19/05/2014 - 14:21

Union movement needs competition

19/05/2014 - 14:21


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Competition is deemed healthy for most of us, so why not in the labour movement?

Union movement needs competition
MONEY MATTER: A pay dispute at Port Hedland has the potential to cost the export hub $100 million a day.

Competition is deemed healthy for most of us, so why not in the labour movement?

Workers at Port Hedland threaten to bring one of the country’s most critical income-earning operations to a grinding halt, costing around $100 million a day.

But which workers?

I have little faith that those who work in many of these key bottlenecks in our national infrastructure are free to voice their own opinions. Rather, union leaders hijack the situation (and effectively the workers involved) to build their status within the union.

Industrial relations experts tell me that strike action and general unrest seems to coincide with union election battles.

That is not to say that the democratic process within unions isn’t important; but workers don’t really have a choice – in many sectors you are either in the system going along with the nonsense or outside of it, often made a pariah as a result of the latter.

That is because there is no choice.

And union leaders have little to lose. Their personal stake is advancement through the union and then, on to a parliamentary career for the most able and sellable, on some cosy appointment if their preferred party is in power.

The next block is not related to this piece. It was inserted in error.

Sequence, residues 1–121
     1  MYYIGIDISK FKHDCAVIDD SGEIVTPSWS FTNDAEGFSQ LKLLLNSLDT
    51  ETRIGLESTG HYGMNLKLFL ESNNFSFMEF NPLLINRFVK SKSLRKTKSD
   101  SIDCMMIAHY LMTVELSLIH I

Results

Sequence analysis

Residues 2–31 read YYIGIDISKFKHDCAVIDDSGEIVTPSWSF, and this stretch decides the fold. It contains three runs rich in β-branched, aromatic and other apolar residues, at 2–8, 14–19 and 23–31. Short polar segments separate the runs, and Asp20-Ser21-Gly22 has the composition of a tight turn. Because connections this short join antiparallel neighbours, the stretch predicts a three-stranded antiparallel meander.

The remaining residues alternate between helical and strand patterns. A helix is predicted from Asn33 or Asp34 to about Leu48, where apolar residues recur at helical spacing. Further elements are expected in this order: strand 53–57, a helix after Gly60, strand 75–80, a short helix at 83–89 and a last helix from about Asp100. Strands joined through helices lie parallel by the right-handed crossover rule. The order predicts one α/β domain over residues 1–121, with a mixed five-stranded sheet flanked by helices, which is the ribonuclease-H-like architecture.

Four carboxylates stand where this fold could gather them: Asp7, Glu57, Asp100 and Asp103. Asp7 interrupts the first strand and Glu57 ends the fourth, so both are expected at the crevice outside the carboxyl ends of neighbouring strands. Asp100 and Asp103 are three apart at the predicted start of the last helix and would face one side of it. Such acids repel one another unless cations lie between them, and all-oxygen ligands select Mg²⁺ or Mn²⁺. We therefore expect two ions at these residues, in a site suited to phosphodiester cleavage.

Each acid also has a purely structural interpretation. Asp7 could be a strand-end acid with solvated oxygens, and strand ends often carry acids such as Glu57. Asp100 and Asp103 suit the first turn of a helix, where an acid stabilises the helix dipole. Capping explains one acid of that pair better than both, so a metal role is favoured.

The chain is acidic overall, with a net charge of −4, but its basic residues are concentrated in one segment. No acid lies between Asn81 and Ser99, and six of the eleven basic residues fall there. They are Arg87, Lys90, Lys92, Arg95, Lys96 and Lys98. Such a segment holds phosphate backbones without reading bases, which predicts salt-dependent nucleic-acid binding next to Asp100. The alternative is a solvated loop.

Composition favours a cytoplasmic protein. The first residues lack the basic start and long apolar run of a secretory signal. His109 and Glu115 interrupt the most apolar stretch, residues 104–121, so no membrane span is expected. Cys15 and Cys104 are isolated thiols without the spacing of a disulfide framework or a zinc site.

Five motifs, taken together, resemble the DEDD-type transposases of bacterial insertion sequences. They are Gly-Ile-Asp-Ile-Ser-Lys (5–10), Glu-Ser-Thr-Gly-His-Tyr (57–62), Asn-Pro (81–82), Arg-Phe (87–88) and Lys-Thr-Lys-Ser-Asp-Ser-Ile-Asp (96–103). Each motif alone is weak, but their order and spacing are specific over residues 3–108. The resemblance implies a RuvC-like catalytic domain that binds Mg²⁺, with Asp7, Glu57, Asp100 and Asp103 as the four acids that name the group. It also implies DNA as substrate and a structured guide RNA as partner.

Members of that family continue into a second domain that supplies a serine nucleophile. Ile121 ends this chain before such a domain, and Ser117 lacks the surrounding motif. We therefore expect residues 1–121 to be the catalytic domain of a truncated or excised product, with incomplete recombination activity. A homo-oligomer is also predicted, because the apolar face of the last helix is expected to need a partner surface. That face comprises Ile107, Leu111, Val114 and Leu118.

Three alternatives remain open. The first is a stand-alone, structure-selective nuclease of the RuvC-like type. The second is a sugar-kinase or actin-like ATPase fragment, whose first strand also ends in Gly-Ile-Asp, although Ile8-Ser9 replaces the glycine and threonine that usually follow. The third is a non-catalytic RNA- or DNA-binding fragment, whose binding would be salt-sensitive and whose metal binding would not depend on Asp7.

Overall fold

You only have to see the Fair Work Commission decisions to see how unrealistic the Port Hedland workers’ claims are – including a nearly 12 per cent pay rise for deck hands who known to be among the most handsomely rewarded workers for their skills base.

The enterprise bargaining agreement approved in September 2010 and found on FWC’s website indicates that, general purpose hands’ annual base pay rose nearly 28 per cent in the three years following from $107,328 to $137,144. Extraordinary, when you consider they work four weeks on, four weeks off.

Here’s the view of Teekay Shipping’s lawyers presented in a FWA hearing this March.

“Our client does not consider that the Maritime Union of Australia (MUA) is genuinely trying to reach an agreement in circumstances where it has made and maintains a demand that any agreement with Teekay has to include at least an 11.9 per cent increase of the base rates, by reference to a so called relativity argument, without any justification by reference to work value changes by its members,” the lawyers wrote.

“This demand is on top [of] a range of other demands by the MUA.

“This demand is so unrealistic that it is frustrating the bargaining and demonstrates that the MUA is not genuinely trying to reach an agreement.”

Nevertheless, the MUA won the argument that it was genuinely trying to reach agreement with the employer.

I am also told that one of their key additional demands is more holidays – something they traded off for more pay sometime in the past. Now they want it back when they already only work half the year.